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<UseRandomizedStringHashAlgorithm> Element

.NET Framework 4.5

Determines whether the common language runtime calculates hash codes for strings on a per application domain basis.

<configuration> Element
  <runtime> Element
    <UseRandomizedStringHashAlgorithm> Element
<UseRandomizedStringHashAlgorithm 
   enabled=0|1 />

The following sections describe attributes, child elements, and parent elements.

Attributes

Attribute

Description

enabled

Required attribute.

Specifies whether hash codes for strings are calculated on a per application domain basis.

enabled Attribute

Value

Description

0

The common language runtime does not compute hash codes for strings on a per application domain basis; a single algorithm is used to calculate string hash codes. This is the default.

1

The common language runtime computes hash codes for strings on a per application domain basis. Identical strings in different application domains and in different processes will have different hash codes.

Child Elements

None.

Parent Elements

Element

Description

configuration

The root element in every configuration file used by the common language runtime and .NET Framework applications.

runtime

Contains information about runtime initialization options.

By default, the StringComparer class and the String.GetHashCode method use a single hashing algorithm that produces a consistent hash code across application domains. This is equivalent to setting the enabled attribute of the <UseRandomizedStringHashAlgorithm> element to 0. This is the hashing algorithm used in the .NET Framework 4.

The StringComparer class and the String.GetHashCode method can also use a different hashing algorithm that computes hash codes on a per application domain basis. As a result, hash codes for equivalent strings will differ across application domains. This is an opt-in feature; to take advantage of it, you must set the enabled attribute of the <UseRandomizedStringHashAlgorithm> element to 1.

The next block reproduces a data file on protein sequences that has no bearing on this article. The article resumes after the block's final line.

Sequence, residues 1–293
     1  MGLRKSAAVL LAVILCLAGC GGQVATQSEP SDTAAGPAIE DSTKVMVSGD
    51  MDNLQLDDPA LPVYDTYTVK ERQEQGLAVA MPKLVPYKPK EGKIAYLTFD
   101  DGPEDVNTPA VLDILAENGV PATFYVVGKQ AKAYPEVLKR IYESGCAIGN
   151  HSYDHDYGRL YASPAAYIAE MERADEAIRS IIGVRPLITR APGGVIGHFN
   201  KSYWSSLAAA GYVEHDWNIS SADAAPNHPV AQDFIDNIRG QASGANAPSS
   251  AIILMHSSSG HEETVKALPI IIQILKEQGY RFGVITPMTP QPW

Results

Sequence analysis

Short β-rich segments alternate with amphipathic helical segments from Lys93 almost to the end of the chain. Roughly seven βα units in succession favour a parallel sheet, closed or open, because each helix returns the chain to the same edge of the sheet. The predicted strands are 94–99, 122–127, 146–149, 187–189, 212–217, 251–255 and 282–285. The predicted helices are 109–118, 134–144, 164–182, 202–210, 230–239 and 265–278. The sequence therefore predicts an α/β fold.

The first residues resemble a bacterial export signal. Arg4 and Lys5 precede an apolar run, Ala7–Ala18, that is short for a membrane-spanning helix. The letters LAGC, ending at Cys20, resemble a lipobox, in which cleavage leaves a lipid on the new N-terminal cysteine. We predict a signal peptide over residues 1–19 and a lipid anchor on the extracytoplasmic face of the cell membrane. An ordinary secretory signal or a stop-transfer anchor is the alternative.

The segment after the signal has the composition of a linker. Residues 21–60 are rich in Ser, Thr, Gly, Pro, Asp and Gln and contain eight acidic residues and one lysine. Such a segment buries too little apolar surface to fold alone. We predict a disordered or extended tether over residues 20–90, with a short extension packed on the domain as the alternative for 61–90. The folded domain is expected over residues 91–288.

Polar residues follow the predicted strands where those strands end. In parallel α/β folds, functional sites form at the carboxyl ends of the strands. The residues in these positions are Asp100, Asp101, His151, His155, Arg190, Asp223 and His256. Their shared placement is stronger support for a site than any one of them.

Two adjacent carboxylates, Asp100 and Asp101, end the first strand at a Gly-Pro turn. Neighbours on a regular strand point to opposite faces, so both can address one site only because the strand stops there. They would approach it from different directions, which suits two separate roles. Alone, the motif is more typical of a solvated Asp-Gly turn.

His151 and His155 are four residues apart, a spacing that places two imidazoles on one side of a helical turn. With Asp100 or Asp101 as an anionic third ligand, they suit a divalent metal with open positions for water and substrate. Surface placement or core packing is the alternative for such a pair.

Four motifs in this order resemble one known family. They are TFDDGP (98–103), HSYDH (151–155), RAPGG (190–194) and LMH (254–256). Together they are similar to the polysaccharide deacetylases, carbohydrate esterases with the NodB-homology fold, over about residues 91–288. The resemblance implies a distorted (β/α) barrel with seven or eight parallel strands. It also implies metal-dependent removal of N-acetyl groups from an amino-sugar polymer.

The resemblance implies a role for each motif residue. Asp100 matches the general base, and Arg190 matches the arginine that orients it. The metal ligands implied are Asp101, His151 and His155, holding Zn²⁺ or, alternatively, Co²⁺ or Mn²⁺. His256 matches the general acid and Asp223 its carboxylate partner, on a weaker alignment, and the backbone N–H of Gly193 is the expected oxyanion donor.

The string lookup in a hash table is typically an O(1) operation. However, when a large number of collisions occur, the lookup can become an O(n2) operation. You can use the <UseRandomizedStringHashAlgorithm> configuration element to generate a random hashing algorithm per application domain, which in turn limits the number of potential collisions, particularly when the keys from which the hash codes are calculated are based on data input by users.

The following example defines a DisplayString class that includes a private string constant, s, whose value is "This is a string." It also includes a ShowStringHashCode method that displays the string value and its hash code along with the name of the application domain in which the method is executing.

using System;

public class Example
{
   public static void Main()
   {
      // Show hash code in current domain.
      DisplayString display = new DisplayString();
      display.ShowStringHashCode();

      // Create a new app domain and show string hash code.
      AppDomain domain = AppDomain.CreateDomain("NewDomain");
      var display2 = (DisplayString) domain.CreateInstanceAndUnwrap(typeof(Example).Assembly.FullName, 
                                                          "DisplayString");   
      display2.ShowStringHashCode();
   }
}

public class DisplayString : MarshalByRefObject
{
   private String s = "This is a string.";

   public override bool Equals(Object obj)
   {
      String s2 = obj as String; 
      if (s2 == null)
         return false;
      else 
         return s == s2; 
   }

   public bool Equals(String str)
   {
      return s == str;
   }    

   public override int GetHashCode()
   {
      return s.GetHashCode();
   }

   public override String ToString() 
   {
      return s;
   }

   public void ShowStringHashCode()
   {
      Console.WriteLine("String '{0}' in domain '{1}': {2:X8}",
                        s, AppDomain.CurrentDomain.FriendlyName, 
                        s.GetHashCode());
   }
}

When you run the example without supplying a configuration file, it displays output similar to the following. Note that the hash codes for the string are identical in the two application domains.

String 'This is a string.' in domain 'PerDomain.exe': 941BCEAC
String 'This is a string.' in domain 'NewDomain': 941BCEAC

However, if you add the following configuration file to the example's directory and then run the example, the hash codes for the same string will differ by application domain.

<?xml version ="1.0"?>
<configuration>
   <runtime>
      <UseRandomizedStringHashAlgorithm enabled="1" />
   </runtime>
</configuration>

When the configuration file is present, the example displays the following output:

String 'This is a string.' in domain 'PerDomain.exe': 5435776D
String 'This is a string.' in domain 'NewDomain': 75CC8236
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